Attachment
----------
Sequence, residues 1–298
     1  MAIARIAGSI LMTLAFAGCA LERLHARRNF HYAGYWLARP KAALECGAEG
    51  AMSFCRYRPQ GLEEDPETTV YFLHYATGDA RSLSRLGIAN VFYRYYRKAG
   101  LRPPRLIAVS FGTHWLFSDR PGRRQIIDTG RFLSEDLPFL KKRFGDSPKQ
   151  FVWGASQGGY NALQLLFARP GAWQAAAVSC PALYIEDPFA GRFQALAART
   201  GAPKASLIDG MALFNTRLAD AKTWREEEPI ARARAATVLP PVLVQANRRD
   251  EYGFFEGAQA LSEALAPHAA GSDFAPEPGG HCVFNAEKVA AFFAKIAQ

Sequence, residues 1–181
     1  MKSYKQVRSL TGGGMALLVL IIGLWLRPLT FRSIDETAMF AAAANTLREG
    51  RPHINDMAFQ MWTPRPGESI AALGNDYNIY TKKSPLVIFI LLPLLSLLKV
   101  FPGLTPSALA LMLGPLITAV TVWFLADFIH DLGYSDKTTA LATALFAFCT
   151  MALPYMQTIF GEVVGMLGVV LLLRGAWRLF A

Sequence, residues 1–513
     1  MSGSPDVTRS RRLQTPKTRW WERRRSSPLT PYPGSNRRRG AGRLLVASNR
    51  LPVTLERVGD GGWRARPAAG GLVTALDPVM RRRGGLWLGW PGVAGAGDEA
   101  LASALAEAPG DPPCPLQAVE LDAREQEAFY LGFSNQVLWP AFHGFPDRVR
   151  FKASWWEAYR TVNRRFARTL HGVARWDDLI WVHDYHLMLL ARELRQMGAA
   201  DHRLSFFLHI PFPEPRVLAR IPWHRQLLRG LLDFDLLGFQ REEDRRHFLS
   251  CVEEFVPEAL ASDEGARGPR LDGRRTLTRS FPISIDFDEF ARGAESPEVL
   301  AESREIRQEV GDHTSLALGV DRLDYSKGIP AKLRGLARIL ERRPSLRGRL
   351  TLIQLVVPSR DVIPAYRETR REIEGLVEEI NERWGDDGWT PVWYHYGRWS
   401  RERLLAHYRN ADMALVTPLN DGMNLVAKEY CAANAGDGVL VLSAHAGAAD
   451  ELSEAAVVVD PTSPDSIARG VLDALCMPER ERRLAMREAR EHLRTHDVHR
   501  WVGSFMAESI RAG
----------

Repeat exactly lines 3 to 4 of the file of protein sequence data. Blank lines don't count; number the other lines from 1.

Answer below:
    51  AMSFCRYRPQ GLEEDPETTV YFLHYATGDA RSLSRLGIAN VFYRYYRKAG
   101  LRPPRLIAVS FGTHWLFSDR PGRRQIIDTG RFLSEDLPFL KKRFGDSPKQ